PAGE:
To develop a simple risk score for patients with t-MDS/t-AML who underwent allogeneic stem cell transplantation we included the main risk factors of the multivariate analysis: age (>40 years), remission status (not complete), and abnormal cytogenetic features [excluding: inv(16), t(8;21), and t(15;17)]. This model enabled a clear separation of the patients into three risk groups (low, moderate and high), predicting non-relapse mortality, incidence of relapse as well as relapse-free and overall survival. This model highlighted that t-MDS/t-AML per se is not associated with a bad prognosis, but that the outcome depends heavily on age, remission status prior to stem cell transplantation, and cytogenetic abnormalities. For example, a patient aged less than 40 years in complete remission and without cytogenetic abnormalities who undergoes allogeneic stem cell transplantation from a related or unrelated donor has an estimated 2-year overall survival of 62%, and even if this patient has a cytogenetic abnormality or is not in complete remission at the time of transplantation, the estimated 2-year overall survival is still 62%. This low-risk category constituted 28% of the study population. In contrast, a patient aged more than 40 years with abnormal cytogenetics [excluding: inv(16), t(8;21) and t(15;17)] who is not in complete remission at the time of transplantation has a estimated 2-year overall survival of only 24%. This high-risk group constituted 22% of the study population. If the patient is aged more than 40 years, has normal cytogenetics and is in complete remission at the time of transplantation (moderate risk), the 3-year probability of overall survival increases to 33%.
We conclude that allogeneic stem cell transplantation for patients with t-MDS/t-AML improved per calendar year due to a marked reduction in non-relapse mortality. Not being in complete remission at the time of transplantation, abnormal intermediate or high risk cytogenetics and higher age of the patients are the most significant factors for survival, and are data that can be easily used in a risk model that predicts outcome.
- We thank the physicians mentioned in the appendix for referring their patients' data to the EBMT Chronic Leukaemia Working Party registry
- The online version of this article contains a supplementary appendix.
- Authorship and Disclosures NK designed the study, analyzed and interpreted data and wrote the manuscript. AvB and RB analyzed and interpreted data; AZ, DN, AD, TR, JC, PL, AG, CC, DB, EC, AS contributed patients’ data and discussed data; JD gave cytogenetic advice; TdW analyzed and interpreted data.
- The authors reported no potential conflicts of interest.
- Received September 19, 2008.
- Revision received December 2, 2008.
- Accepted December 3, 2008.
- Levine EG, Bloomfield CD. Leukemias and myelodysplastic syndromes secondary to drug, radiation, and environmental exposure. Semin Oncol. 1992; 19:47-84. Google Scholar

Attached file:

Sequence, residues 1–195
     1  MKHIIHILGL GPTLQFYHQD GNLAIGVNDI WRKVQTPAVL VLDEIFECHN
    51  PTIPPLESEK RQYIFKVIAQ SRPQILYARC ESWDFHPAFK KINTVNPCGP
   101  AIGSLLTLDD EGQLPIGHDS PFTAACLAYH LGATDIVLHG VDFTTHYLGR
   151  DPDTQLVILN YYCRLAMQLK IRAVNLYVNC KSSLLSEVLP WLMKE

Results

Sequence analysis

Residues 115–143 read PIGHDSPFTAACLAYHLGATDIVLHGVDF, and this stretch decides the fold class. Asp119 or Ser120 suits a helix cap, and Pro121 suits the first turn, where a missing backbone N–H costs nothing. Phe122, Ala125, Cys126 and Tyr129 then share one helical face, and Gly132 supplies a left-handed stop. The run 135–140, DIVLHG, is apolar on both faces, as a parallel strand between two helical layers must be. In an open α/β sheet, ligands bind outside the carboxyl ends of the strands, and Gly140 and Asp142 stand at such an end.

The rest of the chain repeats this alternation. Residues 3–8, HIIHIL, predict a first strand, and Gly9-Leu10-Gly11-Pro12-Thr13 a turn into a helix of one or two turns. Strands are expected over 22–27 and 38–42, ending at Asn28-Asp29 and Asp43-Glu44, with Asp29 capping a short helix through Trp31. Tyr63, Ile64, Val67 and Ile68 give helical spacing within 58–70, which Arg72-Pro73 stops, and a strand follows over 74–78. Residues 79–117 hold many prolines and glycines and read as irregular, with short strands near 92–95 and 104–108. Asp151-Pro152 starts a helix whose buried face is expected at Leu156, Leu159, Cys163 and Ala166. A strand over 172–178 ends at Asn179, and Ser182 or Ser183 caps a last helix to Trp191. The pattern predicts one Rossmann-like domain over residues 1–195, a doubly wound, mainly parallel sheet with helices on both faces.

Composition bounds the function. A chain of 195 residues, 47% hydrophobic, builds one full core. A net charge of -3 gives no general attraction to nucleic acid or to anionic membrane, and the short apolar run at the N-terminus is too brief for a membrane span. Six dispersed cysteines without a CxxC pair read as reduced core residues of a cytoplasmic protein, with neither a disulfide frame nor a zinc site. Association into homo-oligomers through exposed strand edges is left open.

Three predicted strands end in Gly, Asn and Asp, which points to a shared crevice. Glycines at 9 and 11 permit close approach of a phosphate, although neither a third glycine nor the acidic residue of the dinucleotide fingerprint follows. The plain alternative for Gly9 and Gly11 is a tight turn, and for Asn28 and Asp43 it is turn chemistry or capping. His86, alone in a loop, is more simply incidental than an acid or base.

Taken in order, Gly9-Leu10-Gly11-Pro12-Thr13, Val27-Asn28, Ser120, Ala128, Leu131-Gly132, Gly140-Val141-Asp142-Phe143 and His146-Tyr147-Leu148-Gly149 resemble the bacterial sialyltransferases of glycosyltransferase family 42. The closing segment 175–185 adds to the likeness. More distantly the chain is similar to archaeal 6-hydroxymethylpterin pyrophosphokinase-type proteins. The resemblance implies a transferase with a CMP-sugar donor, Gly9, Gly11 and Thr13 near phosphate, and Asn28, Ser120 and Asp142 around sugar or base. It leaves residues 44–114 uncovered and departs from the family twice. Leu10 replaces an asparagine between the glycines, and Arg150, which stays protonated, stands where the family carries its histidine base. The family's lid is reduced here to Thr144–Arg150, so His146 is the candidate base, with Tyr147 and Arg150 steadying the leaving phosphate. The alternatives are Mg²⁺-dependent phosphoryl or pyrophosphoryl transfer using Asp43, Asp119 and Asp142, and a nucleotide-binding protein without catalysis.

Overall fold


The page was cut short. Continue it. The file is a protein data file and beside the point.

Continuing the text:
- Milligan DW, Ruiz De Elvira MC, Kolb HJ, Goldstone AH, Meloni G, Rohatiner AZ. Secondary leukaemia and myelodysplasia after autografting for lymphoma: results from the EBMT. EBMT Lymphoma and Late Effects Working Parties. European Group for Blood and Marrow Transplantation. Br J Haematol. 1999; 106:1020-6. Google Scholar
- Pedersen-Bjergaard J, Philip P, Larsen SO, Jensen G, Byrsting K. Chromosome aberrations and prognostic factors in therapy-related myelodysplasia and acute nonlymphocytic leukemia. Blood. 1990; 76:1083-91. Google Scholar
- Picozzi VJ, Swanson GF, Morgan R, Hecht F, Greenberg PL. 13-cis retinoic acid treatment for myelodysplastic syndromes. J Clin Oncol. 1986; 4:589-95. Google Scholar
- Ballen KK, Antin JH. Treatment of therapy-related acute myelogenous leukemia and myelodysplastic syndromes. Hematol Oncol Clin North Am. 1993; 7:477-93. Google Scholar
- Kantarjian HM, Estey EH, Keating MJ. Treatment of therapy-related leukemia and myelodysplastic syndrome. Hematol Oncol Clin North Am. 1993; 7:81-107. Google Scholar
- Smith SM, Le Beau MM, Huo D, Karrison T, Sobecks RM, Anastasi J. Clinical cytogenetic associations in 306 patients with therapy-related myelodysplasia and myeloid leukemia: the University of Chicago series. Blood. 2003; 102:43-52. Google Scholar
- Linassier C, Barin C, Calais G, Letortorec S, Bremond JL, Delain M. Early secondary acute myelogenous leukemia in breast cancer patients after treatment with mitoxantrone, cyclophosphamide, fluorouracil and radiation therapy. Ann Oncol. 2000; 11:1289-94. Google Scholar
- Kollmannsberger C, Hartmann JT, Kanz L, Bokemeyer C. Risk of secondary myeloid leukemia and myelodysplastic syndrome following standard-dose chemotherapy or high-dose chemotherapy with stem cell support in patients with potentially curable malignancies. J Cancer Res Clin Oncol. 1998; 124:207-14. Google Scholar
- Felix CA. Secondary leukemias induced by topoisomerase-targeted drugs. Biochim Biophys Acta. 1998; 1400:233-55. Google Scholar